New BioWare Book is a Reminder that Dragon Age 2 Was Made in Nine Months

It's still a good game.

This week saw the release of BioWare: Stories and Secrets from 25 Years of Game Development, an extensive book that serves as a retrospective on the famous studio’s development history. There’s plenty to learn from it, including the existence of some early concept art for the next Mass Effect. One of those things isn’t quite new, but it serves as a good reminder of one of the most astonishing facts of the video games industry: Dragon Age 2, a Good Game, was somehow made in a mere nine months.

Ladyinsanity, well-known among the Dragon Age community for her many YouTube videos on the series, tweeted a photo of a page in the book discussing the game’s development cycle. Dragon Age: Origins had the longest development period in BioWare’s history, which makes Dragon Age 2 as the shortest all the more unsettling to think about. Total development on the sequel lasted roughly a year and a half.

At first, Dragon Age 2 was going to be an expansion for Dragon Age: Origins. Then, it became a stand-alone expansion, which wouldn’t have required players to have Origins to play. A few months into its production, EA told BioWare that, because expansions like that don’t sell well, it’ll instead be a sequel. “So suddenly it became Dragon Age 2, and we had to make it even bigger, although we still had only a year and a half,” says David Gaider, who was the lead writer on the project. Production officially lasted nine months, while also requiring the team to support live content for Origins at the same time. The team crunched all throughout the holidays to finish development for the 40-hour game in January.

Gaider says the writing team had no time to review the main plot. Creative director Mike Laidlaw had pitched the idea of three acts, which Gaider went along with for the one presentation he did on the story. After it was approved, the team rushed to write the story, which he knew would have no oversight. “Everything was going to be a first draft. Because nobody had time,” he says. “I sat down with the writers and I said: ‘Look, here’s the conditions we’re working under. A lot of what we’re putting out is gonna be raw. We’re not going to get the editing we need. We’re not going to get the kind of iteration we need. So I’m going to trust you all to do your best work.'”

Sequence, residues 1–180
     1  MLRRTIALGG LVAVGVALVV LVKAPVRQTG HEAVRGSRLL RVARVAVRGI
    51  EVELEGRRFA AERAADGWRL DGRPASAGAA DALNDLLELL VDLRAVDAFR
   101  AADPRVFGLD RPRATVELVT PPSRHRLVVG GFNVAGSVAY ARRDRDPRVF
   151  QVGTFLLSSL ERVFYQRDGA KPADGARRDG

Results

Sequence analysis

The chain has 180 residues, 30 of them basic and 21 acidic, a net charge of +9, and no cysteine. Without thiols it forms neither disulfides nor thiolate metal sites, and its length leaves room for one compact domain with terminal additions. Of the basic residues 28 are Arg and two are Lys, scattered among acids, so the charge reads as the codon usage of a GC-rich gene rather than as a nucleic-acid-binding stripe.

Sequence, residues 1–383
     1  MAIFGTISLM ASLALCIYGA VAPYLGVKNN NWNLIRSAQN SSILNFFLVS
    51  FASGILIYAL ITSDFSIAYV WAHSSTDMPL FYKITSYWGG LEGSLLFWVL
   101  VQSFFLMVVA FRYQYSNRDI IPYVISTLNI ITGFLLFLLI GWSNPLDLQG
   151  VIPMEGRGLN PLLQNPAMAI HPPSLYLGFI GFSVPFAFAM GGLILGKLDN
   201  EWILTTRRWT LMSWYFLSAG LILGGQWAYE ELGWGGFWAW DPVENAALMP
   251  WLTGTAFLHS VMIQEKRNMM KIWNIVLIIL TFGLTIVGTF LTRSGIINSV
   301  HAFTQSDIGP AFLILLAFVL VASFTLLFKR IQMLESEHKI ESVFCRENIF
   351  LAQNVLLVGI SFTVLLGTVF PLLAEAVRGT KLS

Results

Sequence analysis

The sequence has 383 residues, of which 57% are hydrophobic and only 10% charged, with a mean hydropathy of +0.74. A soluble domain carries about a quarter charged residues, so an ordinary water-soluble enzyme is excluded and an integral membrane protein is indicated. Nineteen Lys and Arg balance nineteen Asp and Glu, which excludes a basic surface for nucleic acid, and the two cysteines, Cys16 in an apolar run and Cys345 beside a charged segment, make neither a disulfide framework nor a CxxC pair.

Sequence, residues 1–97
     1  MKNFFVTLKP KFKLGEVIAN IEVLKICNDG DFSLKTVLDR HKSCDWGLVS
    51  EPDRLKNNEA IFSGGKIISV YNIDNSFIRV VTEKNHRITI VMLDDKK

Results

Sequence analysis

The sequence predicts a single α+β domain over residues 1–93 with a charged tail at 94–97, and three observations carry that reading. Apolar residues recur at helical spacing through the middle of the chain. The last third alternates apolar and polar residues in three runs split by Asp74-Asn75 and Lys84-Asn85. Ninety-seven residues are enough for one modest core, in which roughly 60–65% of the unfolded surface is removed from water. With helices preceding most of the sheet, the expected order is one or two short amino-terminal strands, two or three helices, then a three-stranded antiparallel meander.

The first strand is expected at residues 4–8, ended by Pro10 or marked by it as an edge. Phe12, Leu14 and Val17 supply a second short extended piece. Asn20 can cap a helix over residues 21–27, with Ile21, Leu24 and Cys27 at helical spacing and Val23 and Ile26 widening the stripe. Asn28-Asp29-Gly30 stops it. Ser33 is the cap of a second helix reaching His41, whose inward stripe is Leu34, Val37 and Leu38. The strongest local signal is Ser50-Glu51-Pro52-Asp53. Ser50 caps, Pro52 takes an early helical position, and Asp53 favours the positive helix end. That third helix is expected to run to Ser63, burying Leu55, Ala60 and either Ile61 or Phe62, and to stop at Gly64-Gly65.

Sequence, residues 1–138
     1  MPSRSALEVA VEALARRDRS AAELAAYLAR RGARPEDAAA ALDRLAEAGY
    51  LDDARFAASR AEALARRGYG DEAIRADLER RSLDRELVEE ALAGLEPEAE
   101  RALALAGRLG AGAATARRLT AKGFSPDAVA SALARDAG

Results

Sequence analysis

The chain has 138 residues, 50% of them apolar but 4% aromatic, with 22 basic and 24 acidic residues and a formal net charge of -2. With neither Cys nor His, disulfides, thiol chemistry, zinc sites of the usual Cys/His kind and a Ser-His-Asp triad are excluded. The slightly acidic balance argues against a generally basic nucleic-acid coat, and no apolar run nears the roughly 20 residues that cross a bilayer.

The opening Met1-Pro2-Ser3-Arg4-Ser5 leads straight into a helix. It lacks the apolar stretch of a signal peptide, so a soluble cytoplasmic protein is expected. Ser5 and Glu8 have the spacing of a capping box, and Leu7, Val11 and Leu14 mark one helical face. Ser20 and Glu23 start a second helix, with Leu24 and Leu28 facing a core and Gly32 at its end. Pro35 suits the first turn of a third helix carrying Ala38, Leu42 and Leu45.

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It’s utterly mind-boggling. As Gaider says, “Somehow, Dragon Age 2′s whirlwind process resulted in some really good writing,” despite all the corners that were cut and the enormous stress every developer went through. The characters of Dragon Age 2 are often praised for how incredible they are, which would be impressive enough without knowing they were all basically first drafts.

Dragon Age: Inquisition’s also tumultuous and draining development has been well-documented, particularly in journalist Jason Schreier’s book Blood, Sweat, and Pixels. Hopefully, the development of the next Dragon Age game isn’t putting anywhere near as much pressure on the developers.

While we know little of the next Dragon Age, Kotaku reported in 2019 that its first iteration, codenamed Joplin, was canceled in favor of prioritizing development for Anthem. At this year’s Gamescom, BioWare showed some concept art of the game. General Manager Casey Hudson said it is still early into development.

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Natalie Flores

Natalie is Fanbyte's Featured Contributor, with bylines at places like VICE, Polygon, PC Gamer, Paste Magazine, and more.

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